At a news conference on the south lawn, where several alternative-fuel vehicles were parked, Bush repeated his call to Congress to support his goal of reducing gasoline consumption by 20 percent over the next decade.
"Right now, most of our ethanol is made from corn, but the federal government is spending a lot of money to try to develop new technologies that will mean that ethanol could be made from ... woodchips or switchgrass," Bush said. "It's in our national security interests that we do this, it's in our economic security interests we do it, and all at the same time it'll help us be better stewards of the environment."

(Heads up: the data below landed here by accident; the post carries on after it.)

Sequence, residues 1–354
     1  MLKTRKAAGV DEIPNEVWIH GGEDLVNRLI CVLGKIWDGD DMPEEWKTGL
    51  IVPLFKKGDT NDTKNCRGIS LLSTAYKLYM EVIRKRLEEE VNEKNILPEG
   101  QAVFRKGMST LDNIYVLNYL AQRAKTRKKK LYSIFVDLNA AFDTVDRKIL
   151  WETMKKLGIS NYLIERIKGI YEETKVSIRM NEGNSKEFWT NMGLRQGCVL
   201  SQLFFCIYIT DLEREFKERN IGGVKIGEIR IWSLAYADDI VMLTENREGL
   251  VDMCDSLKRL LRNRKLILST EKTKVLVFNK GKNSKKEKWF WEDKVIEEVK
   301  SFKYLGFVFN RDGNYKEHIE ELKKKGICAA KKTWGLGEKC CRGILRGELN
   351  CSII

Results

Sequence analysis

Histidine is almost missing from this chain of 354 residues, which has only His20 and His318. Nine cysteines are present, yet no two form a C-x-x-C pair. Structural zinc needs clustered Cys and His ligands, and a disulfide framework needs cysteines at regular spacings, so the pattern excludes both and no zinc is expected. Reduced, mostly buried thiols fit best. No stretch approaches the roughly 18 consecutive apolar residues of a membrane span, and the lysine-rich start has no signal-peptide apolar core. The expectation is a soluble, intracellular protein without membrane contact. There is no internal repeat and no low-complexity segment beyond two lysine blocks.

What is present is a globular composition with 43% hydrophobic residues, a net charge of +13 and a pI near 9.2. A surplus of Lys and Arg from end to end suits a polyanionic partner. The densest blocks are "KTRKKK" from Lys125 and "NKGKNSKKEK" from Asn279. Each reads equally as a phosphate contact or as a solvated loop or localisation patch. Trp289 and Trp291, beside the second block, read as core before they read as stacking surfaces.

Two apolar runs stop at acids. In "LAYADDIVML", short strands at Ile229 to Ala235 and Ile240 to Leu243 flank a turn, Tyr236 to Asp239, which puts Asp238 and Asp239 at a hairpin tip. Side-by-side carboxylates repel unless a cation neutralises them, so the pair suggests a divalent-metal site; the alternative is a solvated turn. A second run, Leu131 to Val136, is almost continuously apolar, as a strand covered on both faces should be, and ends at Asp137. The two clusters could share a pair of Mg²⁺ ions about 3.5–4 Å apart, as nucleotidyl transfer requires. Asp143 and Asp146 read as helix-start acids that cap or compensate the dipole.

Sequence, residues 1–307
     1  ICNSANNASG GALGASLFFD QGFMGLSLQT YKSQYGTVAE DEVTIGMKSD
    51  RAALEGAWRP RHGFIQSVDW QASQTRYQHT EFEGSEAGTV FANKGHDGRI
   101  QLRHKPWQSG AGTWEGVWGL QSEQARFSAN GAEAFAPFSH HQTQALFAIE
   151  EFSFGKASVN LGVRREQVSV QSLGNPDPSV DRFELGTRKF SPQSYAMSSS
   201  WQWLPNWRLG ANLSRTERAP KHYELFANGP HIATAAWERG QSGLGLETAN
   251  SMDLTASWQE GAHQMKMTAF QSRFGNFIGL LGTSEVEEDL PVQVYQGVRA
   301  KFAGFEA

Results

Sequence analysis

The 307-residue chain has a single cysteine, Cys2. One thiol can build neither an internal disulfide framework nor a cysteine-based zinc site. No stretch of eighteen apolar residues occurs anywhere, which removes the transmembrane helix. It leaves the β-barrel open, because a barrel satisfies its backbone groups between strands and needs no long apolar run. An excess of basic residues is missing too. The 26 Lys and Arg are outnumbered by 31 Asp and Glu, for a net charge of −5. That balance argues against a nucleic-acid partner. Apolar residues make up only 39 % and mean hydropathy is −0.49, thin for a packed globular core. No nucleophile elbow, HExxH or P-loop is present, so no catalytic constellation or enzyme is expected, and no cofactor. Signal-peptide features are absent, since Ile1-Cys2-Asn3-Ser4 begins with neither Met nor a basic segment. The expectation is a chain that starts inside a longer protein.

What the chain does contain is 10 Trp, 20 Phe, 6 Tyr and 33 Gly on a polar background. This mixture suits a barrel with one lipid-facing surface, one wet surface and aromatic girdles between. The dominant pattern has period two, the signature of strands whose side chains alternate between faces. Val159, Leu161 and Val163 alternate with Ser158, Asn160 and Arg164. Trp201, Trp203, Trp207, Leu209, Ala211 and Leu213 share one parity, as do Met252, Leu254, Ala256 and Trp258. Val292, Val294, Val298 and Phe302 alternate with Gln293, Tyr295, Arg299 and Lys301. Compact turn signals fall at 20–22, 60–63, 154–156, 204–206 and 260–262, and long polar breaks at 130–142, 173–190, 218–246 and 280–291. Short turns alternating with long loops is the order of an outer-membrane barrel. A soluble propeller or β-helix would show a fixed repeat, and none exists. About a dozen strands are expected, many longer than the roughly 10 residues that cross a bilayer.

The president said the auto executives told him half of U.S. vehicles would be capable of running on flex-fuels by 2012.
Bush was flanked at the briefing by GM Chairman and CEO G. Richard Wagoner, Ford CEO Alan Mulally and Tom Lasorda, Chrysler Group president and CEO.
Public Citizen said a switch to ethanol-capable flex-fuel vehicles would have a net effect of actually lowering overall U.S. fleet fuel economy.
"The automobile industry is aware of this discrepancy but markets and sells many flex-fuel vehicles in states where there are no or few E-85 fueling stations available to the public," said Joan Claybrook, Public Citizen's president.